1. A journalist's responsibility is to her audience, not to you. It does not matter how important, interesting, or relevant something is to you (or to your client!); it matters how important, interesting, and relevant something is to her audience/the world, and most specifically to her editor. Those curatorial decisions are hers to make and that is why you are contacting her.

Make the best case for why the project/story might be of interest to her/her outlet and equip her with all of the info she needs to make that case to her editor.
2. A journalist doesn't "give you publicity." If you want to make a journalist cringe, approach her as if you're asking a sleazy favor or as if she owes you something. There is an entire code of ethics devoted to this. You are not asking for help or for a favor, and you are certainly not passive-aggressively demanding what's owed you.

Respectfully ask for (and thank her for) her consideration.
3. Timing is everything. They call it "news" for a reason: it's timely. It happens in cycles and on deadlines. Different outlets book or close content on different timelines but we're talking months/weeks ahead for arts coverage, not days. And certainly never after the fact. ("We released an album last fall, will you review it?" = That's not news. "We have a Festival next week, will you cover it? = Booked already. Not a chance.) A great project pitched too late = no story at all. Period.
Know the production schedule of the outlet you're pitching. Be early, be on time.
4. In general, follow the Golden Rule. If you want a journalist to read/watch/listen to your work, then you need to read/watch/listen to hers first. Give her the careful consideration, attention, and respect you would like to receive in return. Pay attention to her interests, preferences, style, columns. In the age of Google, Twitter, Facebook, LinkedIn, Pinterest, there is no excuse for being uninformed when making contact with a journalist.
Read/watch/listen to a journalist's work before making contact and pitch her (or refrain from pitching her) accordingly. All the time. Every single time.
Obviously, this isn't everything. PR is a full-time job and a field of specialty in itself. Don't have time to keep up with thousands of media contacts' personal preferences, deadlines, schedules, outlets, and recent work? That's why you hire a publicist! But these are my quick late-night offerings, for the win, for the world. 

Tuesday, April 2, 2013

Step Five: Don't you know that the time has arrived?

In which a person comes on board.

It has been ages, dear Knights,  and a progress report is due. Over the past many months, I have done the following:

And the grand finale is a case of right person, wrong time. For the past 2-3 years, I have been looking for a drummer for SMK. For the sound I have in my head, I must must have a percussionist. Without one I've been spinning in circles. I have posted Craigslist ads, I have asked friends and colleagues, including a certain grade 'A' percussionist who was willing but who felt her lack of drumset specialization precluded her from joining. Since then, however, she has been banging on found percussion (which, for my vision, is the best kind of all!) and therefore:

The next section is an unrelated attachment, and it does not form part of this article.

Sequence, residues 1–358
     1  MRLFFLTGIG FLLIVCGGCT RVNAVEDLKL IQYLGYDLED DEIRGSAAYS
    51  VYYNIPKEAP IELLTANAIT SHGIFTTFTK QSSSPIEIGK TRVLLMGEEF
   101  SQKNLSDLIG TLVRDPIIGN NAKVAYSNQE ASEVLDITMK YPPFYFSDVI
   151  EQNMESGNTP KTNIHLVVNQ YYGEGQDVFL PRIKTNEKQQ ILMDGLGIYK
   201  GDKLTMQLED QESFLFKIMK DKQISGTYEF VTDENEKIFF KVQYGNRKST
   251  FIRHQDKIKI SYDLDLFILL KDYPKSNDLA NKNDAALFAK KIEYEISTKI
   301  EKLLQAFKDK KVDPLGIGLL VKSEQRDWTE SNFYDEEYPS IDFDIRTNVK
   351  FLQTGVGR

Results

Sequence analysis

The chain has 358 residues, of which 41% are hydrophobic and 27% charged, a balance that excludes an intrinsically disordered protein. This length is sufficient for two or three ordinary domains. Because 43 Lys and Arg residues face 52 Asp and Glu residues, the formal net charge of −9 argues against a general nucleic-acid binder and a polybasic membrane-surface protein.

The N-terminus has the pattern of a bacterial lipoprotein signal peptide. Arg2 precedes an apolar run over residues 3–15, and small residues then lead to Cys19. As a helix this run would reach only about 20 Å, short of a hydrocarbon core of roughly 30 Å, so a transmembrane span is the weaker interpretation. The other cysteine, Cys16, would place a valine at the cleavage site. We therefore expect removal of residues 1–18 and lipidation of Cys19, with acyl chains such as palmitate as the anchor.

• As of last week, I am collaborating with this lovely perc pro who, in about 15 minutes, was able to intuit and execute exactly what I'd been carrying around in my head all this time. Easy. And we are playing the Bar 4 open mic on Tuesday, April 23. #LWatCDR.

Thursday, March 21, 2013

Ouch, the Onion. Ouch.

FACT: I have not written a song in ten (10) months.

OTHER FACT: It's not because I haven't tried, it's because all of my best energy and creativity and brainpower is spent elsewhere, so when I sit down to write I have positively nothing to say.

But wow, the Onion, sock it to me. Now I'll drag my sad ass to bed without having written anything and also feeling every second of my precious life ticking away. So thanks.


My advice? Just find the thing you enjoy doing more than anything else, your one true passion, and do it for the rest of your life on nights and weekends when you’re exhausted and cranky and just want to go to bed.

Wednesday, February 27, 2013

fallen away

fallen away?
but maybe that's just it
there's some fiery pit
that burns because all
your casting out
made it

Saturday, February 9, 2013

when you leave me (first)

when you leave me
first i do not

trace your still-warm spaces (indentations, marks, empty) on a circuitous route

i may unwittingly prepare
for a long

storing substitutes in heavy pockets

i may hibernate

retreat to sleep under goosefeather fluff (the high as low as pillowed downs and just the window's light come in)

i may move

or do the thing that's closest, like whatever my hand finds to touch (the loads of dishes, someone else's stuff)

i may
get stuck

that pile of papers, the messages, the clothes (whose job it was not mine to fold)
even the piano

i may eat
feeling unsatisfied

if I
am lucky I may

see something

a seed catalog with pink azaleas, seafoam nail polish, lavender bath salts, periwinkle stockings
that island candle I made a few weeks ago

and I will light it

I leave you
when my voice breaks
the sound barrier

- sk, 2/9/13

Tuesday, January 22, 2013

the grand canyon (winewood dr)

like the clay
we used to get from that
abandoned rural construction pit
the rusty powdered ground
that pounded 'round our cotton Keds
the walls, big enough to fit
our tallest and most ballooned schemes
and how the massive concave bend pulled
our spinning bikes down in
and, skilled with sufficient speed,
barely pushed us up again

then afterward how that wet reddish muck
became the clods, the shoes
the pastels and chalks and rouges
whose soft edges I'd scrape
against every last pavement
or house
or office space
to home
whatever that is

-sk 1/22/13

Monday, January 21, 2013

poem: pond water

you take my hand against the animal
hot and damp
bristling up my thin wrist

plunged beneath
the murky pond water
glows browngreen and warm
gliding fast among
life-sized frogs
we dart and chase like
fat minnows

you admire the swell and lift of
my swabbed hair

the wedding will come soon

- sk 1/21/13